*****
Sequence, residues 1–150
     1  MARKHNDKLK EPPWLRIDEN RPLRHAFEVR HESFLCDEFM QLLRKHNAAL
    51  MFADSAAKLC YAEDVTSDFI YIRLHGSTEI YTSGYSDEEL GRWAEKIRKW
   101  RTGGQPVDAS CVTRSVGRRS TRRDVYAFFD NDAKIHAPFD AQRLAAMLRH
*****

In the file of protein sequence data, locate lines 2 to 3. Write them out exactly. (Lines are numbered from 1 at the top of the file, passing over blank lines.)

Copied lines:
     1  MARKHNDKLK EPPWLRIDEN RPLRHAFEVR HESFLCDEFM QLLRKHNAAL
    51  MFADSAAKLC YAEDVTSDFI YIRLHGSTEI YTSGYSDEEL GRWAEKIRKW